Points of View 21st December 2016

Can Open Government Help Heal Divided Societies? – A Blog from the OGP Summit

by Colm Burns

More than 3,000 people gathered in Paris from 7-9th December for the Open Government Partnership (OGP) Global Summit 2016 hosted by the Government of France.

Over the 3 days there were dozens of workshops, pitches and panel discussions on themes ranging from transparency, accountability and anti-corruption to climate and sustainable development, the digital commons and the implementation of open government. I took part in a session hosted by our Scottish civil society partners that considered the question: How can an Open Government agenda heal divided societies?

The question had me conflicted. It would usually be a cue to talk about the legacy of the past, the toll the Troubles took on our society and how we might come to terms with our shared history. But I wanted to talk about the future.

Open Government cannot heal all our ills, but can it be used as a vehicle to bring together citizens and Government? The case for a more open government is not difficult to make. It could help to restore public faith in the integrity of the institutions through greater transparency, public participation and accountability. What it will not do is change our history.

The question is: Does any government really want to be open and accountable? I’ll leave that one with you.

There can be no denying that our society is divided, maybe more so than ever. At the Paris Summit the Paris Declaration was launched; and it speaks to the challenges ahead and the rewards:

“Acknowledging that our democracies must evolve over time and continually renew to build a more stable, prosperous, and equal world”

It also states:

“We renew our commitment to the principles and values of the Open Government Partnership, outlined in the Open Government Declaration and encourage their realization through implementation of commitments and actions undertaken by all members.

We will continue to raise the ambition of our open government reforms, to deepen the collaboration between government and civil society,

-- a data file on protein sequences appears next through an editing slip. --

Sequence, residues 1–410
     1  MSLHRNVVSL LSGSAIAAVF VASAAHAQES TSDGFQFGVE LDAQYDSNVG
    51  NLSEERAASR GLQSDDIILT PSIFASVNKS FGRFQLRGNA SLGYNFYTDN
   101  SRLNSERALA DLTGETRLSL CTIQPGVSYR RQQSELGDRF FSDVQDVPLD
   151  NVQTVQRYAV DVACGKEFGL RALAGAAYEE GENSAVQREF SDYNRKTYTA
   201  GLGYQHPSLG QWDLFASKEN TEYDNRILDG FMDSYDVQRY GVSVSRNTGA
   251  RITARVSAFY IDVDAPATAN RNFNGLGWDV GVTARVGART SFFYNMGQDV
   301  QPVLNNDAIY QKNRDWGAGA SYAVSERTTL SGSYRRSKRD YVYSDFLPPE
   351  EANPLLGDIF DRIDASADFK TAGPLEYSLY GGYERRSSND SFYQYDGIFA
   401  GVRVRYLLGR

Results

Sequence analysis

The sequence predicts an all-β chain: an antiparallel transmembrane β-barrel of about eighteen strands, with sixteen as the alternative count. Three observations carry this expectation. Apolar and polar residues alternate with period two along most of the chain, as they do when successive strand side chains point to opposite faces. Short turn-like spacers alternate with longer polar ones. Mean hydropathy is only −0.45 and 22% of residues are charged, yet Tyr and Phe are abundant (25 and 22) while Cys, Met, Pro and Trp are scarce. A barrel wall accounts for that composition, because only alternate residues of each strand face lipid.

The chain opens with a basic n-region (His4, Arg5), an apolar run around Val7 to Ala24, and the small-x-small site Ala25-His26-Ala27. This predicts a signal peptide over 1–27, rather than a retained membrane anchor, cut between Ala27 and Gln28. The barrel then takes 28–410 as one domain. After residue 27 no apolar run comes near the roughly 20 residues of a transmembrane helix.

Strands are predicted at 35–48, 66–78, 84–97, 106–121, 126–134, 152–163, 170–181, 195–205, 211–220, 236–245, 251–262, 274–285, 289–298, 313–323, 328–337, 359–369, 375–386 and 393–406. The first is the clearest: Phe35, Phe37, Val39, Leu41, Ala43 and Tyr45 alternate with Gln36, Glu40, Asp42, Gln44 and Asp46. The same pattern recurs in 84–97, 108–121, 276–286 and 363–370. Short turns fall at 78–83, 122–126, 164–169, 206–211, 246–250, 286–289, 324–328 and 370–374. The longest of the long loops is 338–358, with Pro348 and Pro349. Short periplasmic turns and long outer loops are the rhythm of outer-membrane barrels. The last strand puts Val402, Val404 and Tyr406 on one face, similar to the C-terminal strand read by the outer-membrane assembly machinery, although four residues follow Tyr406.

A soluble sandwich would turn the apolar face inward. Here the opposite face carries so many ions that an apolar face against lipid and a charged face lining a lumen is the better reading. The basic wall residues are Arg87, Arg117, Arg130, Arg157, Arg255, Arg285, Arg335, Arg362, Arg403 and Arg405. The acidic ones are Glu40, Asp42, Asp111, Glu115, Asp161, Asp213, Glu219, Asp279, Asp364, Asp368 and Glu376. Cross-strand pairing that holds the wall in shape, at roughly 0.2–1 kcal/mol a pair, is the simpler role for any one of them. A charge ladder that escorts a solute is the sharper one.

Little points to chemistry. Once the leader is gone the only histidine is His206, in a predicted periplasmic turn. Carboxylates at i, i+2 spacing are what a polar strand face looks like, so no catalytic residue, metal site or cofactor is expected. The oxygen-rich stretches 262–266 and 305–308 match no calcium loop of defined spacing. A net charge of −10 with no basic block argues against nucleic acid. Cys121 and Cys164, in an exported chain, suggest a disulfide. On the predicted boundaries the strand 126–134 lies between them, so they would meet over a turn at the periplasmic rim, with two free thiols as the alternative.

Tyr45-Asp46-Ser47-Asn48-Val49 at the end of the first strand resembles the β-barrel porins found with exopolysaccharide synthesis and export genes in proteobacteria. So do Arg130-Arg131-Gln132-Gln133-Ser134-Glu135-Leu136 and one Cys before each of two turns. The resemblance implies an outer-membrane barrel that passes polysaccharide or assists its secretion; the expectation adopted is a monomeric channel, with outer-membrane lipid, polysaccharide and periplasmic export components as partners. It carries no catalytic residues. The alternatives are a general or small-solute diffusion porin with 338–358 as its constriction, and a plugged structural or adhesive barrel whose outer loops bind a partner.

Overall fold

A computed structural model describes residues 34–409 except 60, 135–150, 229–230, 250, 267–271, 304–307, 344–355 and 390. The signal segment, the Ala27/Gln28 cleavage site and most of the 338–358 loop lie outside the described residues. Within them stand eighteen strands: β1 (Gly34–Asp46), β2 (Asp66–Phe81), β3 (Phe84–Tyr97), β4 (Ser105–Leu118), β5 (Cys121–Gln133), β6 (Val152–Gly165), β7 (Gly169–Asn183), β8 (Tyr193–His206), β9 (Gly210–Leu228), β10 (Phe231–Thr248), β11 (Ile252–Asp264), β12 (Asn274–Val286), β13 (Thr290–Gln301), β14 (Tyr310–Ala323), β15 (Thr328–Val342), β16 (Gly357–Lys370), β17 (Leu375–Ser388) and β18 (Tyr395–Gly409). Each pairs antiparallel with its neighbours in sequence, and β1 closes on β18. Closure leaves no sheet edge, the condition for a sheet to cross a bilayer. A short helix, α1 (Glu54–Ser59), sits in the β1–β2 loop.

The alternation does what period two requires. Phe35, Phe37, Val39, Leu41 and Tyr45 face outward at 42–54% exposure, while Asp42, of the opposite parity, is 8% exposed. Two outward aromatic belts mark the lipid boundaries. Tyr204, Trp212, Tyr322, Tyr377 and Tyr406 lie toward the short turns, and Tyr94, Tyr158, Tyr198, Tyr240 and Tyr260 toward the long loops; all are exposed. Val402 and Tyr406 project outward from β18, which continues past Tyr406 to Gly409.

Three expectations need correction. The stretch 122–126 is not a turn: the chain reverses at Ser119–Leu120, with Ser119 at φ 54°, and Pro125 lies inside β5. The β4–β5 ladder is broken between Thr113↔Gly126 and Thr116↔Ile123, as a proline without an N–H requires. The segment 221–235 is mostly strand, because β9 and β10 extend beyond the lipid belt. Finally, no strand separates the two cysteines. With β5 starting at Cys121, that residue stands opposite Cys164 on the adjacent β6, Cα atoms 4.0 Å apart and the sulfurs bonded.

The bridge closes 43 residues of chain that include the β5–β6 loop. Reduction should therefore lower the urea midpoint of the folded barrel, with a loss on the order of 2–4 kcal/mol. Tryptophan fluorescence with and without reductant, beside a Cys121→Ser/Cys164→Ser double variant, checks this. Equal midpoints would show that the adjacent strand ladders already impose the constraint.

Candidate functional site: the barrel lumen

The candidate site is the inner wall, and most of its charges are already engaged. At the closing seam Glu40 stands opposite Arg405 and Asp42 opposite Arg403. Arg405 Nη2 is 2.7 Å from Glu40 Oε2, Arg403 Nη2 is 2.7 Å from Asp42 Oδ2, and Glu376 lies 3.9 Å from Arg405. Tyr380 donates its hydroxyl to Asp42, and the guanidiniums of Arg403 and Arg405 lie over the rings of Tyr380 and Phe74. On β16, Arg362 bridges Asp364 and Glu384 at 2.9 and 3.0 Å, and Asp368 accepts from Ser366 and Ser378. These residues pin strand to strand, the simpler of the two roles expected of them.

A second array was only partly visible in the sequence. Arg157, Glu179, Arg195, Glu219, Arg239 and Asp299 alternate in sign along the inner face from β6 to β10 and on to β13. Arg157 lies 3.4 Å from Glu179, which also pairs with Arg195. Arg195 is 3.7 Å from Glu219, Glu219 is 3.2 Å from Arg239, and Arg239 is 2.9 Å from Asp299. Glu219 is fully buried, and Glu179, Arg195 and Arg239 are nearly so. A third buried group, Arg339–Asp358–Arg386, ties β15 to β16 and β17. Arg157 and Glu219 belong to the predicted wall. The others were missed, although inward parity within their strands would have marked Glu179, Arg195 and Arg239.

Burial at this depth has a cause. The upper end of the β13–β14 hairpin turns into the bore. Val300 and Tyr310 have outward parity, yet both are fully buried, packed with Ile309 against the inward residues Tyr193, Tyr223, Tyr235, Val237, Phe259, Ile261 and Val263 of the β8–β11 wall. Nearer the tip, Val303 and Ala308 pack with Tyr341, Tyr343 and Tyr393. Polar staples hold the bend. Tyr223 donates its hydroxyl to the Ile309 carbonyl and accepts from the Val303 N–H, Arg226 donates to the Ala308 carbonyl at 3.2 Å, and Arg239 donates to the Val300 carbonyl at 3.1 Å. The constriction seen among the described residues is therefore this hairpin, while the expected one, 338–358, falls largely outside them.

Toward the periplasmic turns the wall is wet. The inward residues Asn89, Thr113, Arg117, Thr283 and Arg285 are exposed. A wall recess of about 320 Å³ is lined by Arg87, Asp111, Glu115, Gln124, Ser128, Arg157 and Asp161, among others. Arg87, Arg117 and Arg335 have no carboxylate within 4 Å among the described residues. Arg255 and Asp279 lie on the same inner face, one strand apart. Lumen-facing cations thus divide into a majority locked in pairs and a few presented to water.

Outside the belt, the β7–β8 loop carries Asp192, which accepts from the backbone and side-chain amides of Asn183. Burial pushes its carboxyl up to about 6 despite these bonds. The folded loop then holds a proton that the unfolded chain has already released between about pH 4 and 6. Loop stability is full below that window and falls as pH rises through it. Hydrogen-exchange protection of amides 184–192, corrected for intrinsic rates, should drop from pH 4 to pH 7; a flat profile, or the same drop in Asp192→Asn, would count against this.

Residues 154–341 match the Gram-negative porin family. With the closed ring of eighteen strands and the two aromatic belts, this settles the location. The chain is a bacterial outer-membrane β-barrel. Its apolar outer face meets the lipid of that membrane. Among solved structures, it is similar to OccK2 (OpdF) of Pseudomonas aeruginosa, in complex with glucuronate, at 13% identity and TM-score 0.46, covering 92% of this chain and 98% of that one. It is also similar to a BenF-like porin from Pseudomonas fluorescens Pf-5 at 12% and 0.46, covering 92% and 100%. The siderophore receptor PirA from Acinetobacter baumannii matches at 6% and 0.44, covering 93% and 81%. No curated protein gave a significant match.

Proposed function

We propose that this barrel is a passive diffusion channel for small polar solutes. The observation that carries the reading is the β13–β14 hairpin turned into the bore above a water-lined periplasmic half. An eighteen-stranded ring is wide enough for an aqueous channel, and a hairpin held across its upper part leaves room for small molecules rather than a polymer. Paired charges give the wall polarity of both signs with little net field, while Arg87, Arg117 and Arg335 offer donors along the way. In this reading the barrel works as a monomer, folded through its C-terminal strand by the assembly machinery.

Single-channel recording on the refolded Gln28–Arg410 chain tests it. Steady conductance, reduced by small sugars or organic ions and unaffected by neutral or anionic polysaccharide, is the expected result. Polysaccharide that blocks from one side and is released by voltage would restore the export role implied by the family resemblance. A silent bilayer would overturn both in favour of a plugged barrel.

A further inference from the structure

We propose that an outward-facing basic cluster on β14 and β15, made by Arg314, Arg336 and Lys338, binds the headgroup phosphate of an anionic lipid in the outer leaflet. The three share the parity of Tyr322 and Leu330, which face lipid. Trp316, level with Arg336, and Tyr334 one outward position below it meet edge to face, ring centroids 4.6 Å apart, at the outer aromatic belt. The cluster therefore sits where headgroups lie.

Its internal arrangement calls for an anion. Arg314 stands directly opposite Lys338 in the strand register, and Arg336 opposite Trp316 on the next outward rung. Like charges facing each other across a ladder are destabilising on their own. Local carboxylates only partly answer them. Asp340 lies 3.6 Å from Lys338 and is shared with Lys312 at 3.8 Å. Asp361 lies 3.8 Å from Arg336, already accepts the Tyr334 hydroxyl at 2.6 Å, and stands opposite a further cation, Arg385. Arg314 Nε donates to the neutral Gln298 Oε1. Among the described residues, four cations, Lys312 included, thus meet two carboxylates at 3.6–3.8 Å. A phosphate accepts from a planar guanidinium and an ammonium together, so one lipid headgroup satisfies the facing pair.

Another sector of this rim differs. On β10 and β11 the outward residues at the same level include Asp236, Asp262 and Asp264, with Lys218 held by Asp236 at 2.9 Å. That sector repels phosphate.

We recognize that over the next five years the success of OGP will be measured by its ability to foster open government reforms benefitting citizens, and by the implementation of National Action Plan commitments.”

You can read the full declaration here.

At the session ‘How can an Open Government agenda heal divided societies?’ I discussed how Northern Ireland is divided through Age, Sex, Race, Ability and (for the whole of its existence) Religion.

I gave an example of one of the most misquoted statements in Northern Ireland which dates back to the 30’s and is from the former Prime Minister of Northern Ireland James Craig, who was attributed with the quote: ‘A protestant parliament for a protestant people’. What he actually said was ‘All I boast of is that we are a Protestant Parliament and a Protestant State.’

Language is important. And so is understanding the context. So much of what we want to achieve through the Open Government process is about where we are now and what can we do to bring the Government closer to its citizens.

So what is Open Government process going to do to heal us?

That depends on us and how we work with our Government. We need to make the case for why Openness, Accountability and Transparency must become the normal practice. There will always be political scandals and Governmental mistakes, but with a strong relationship between the Government and the Citizen maybe, just maybe, it might not bring us to the brink every time.

Joseph de Maistre said: “Every country has the government it deserves”

We the citizens of Northern Ireland chose our Government. It is now the time for citizens to convince our Government of our case that openness delivers better outcomes for citizens and pushes our democracies to become more citizen-oriented and transparent so that citizens have the means to engage more actively in decision-making processes that affect their lives.

We must also be cognisant of political parties encroaching on our civic space – not so much by legislating against it, which is sadly happening in too many countries – but by creating civic forums and bodies and appointing their own civic representatives.

While at the Summit we had a bitter sweet moment as the Northern Ireland Executive published Northern Ireland specific commitments which have been included in the UK National Action Plan. Although four commitments have been agreed with eighteen milestones, a number of commitments proposed by the NI Open Government Network were not approved by the NI Executive for inclusion.

As I said at the Summit: “This is a major step for us, but it is only a step”. Over the coming months the Network will work constructively with the Executive to move these commitments forward while continuing to make the case for more ambitious commitments.

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